This was a company—Cool Fish—of about five people. And they've now got 20 people. So they've grown based on the success of their game. Perfect Kick, another title, a penalty soccer game, came from China, and has done extremely well around the world.
Are free-to-play games coming from there actually better than the games coming from Western developers or is the business model just more accepted there because it's been around longer?
I believe there's great quality coming out from all markets. Look, the difference between good and great is significant now. You've got good games everywhere. To discover great games is very tough, and there is a very big difference. You will always get the odd indie developer that breaks through and has some great success, but I think what we're seeing coming out of China is really experience that other people haven't got as much of.
So as an example if you look at the foundations, you need a great game, you need strong monetization, and around it a lot of service capabilities. And while people may have great experience in some regions at making great games and certain experience in monetization, maybe less so in the service side of things.
There are a lot of games coming out in Asian regions that don't necessarily gain as much of a foothold here. Is effective localization something that Chillingo wants to tackle?
Yeah, it's something that we're constantly reviewing. We're very conscious of it. At the moment I would say the majority of our games are suitable for a global audience. At the moment we haven't had a particular title that has performed only in one particular region.
And that's probably not a comment about, let's say, China, or Japan, or Korea, but Russia, America, whatever—I don't think we've had a title that only resonates in one market.
Why do you think that is?
I believe we're very strong at what we do, which is identifying that needle in a haystack. Going back to the comment I mentioned earlier, we're passionate about games and we identify fun. And fun's pretty universal.
But I think if we take fun as the foundation and our experience on what sells, what doesn't sell, what's commercially appealing to consumers, I think that takes us far.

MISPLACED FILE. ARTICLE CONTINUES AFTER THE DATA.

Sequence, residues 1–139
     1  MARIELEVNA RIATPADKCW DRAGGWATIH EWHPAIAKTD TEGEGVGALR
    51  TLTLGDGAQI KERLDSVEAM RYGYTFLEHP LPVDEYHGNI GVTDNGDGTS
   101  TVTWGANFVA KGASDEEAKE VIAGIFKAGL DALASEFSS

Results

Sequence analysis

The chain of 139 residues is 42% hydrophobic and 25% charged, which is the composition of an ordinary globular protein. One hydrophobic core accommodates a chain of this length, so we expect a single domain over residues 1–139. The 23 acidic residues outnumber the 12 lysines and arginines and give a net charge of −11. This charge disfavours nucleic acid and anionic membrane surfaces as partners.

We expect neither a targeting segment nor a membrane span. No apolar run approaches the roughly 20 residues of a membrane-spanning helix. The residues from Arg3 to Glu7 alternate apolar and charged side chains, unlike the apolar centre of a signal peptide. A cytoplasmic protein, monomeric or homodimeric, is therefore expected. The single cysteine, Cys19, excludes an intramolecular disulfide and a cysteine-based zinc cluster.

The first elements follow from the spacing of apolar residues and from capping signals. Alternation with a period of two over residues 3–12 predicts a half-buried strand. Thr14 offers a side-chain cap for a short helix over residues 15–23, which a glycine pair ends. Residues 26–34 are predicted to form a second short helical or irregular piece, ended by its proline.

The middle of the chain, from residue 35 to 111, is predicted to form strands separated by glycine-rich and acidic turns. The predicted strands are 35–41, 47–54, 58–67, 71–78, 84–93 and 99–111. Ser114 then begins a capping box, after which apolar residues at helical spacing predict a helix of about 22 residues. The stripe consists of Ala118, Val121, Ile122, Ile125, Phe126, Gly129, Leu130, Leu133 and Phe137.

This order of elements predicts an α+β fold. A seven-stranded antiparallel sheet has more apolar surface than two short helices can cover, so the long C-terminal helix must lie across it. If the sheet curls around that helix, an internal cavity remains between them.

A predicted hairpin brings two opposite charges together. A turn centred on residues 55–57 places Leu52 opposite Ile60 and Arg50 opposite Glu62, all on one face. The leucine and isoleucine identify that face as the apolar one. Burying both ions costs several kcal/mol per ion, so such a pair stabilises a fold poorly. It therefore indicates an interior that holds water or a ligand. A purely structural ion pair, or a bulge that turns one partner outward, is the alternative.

How many games do you publish a year?
It's a very good question. The number of games we've published has gone down considerably, and that's a very conscious effort.
A couple of years ago we published a huge amount of titles, and they were pay to download titles, and they weren't service-based, which meant you launched, then you went on. If the free-to-play model was a marathon, then pay-to-download was pretty much a sprint, more in line with other kinds of entertainment. That first month was extremely important.
I think in terms of where we are today, we're probably publishing this year in the region of 40 games, which is probably a couple of hundred down from where we used to be.
Because you're getting better at identifying "the needle in the haystack"?
I think actually the reason for that is our business has become a live service organization. So if you look at it, our biggest release of this year has probably already launched.
If I look at a game like Iron Force, that game came out in June. We soft-launched in June and we had a global launch a couple of months later. That game, the revenues are probably two to three hundred percent higher today than where they were last year. And they're continuing to climb. And when you apply these rules to these kinds of games, you need to be able to focus on it. And hence the reduced road map.
Would you say also a greater percentage of your games now are successful compared to before?
Yeah, we made a conscious decision to reduce our road map because we're making more revenue per game than we were a few years ago. We know that from our numbers. And the difficult thing in the market is that we're having to reject good games with this structure.
You asked the question about identifying the needle in the haystack. We've never had a Harry Potter or Star Wars moment where we've gone and rejected that game which has gone on to be something enormous. Will that moment come? Possibly. It's very subjective. But as of today we've never had that moment. Fingers crossed we don't.
It's difficult because we've got a lot of experienc. And unfortunately once upon a time a great game could have been enough with great publishing. But now you need a great game and publishing, but you need to be able to monetize it. And that's where a lot of developers are struggling. What we do have is the experience to help steer that some of the time. Some of the time it's too late, and we can't enter into a partnership.
Do you see that as a negative development?
I wouldn't say it's "negative." I think the whole shift to live services is positive for the market, and free-to-play—I look at it from a player's perspective.
And these people, whether it's young children or my mother—it doesn't matter who it is, it doesn't matter what demographic it is—ultimately they've got a live service. And in the majority of cases, free means free. What a great position! So I don't see that shift as a negative. I think it can be a positive if it's respectfully done.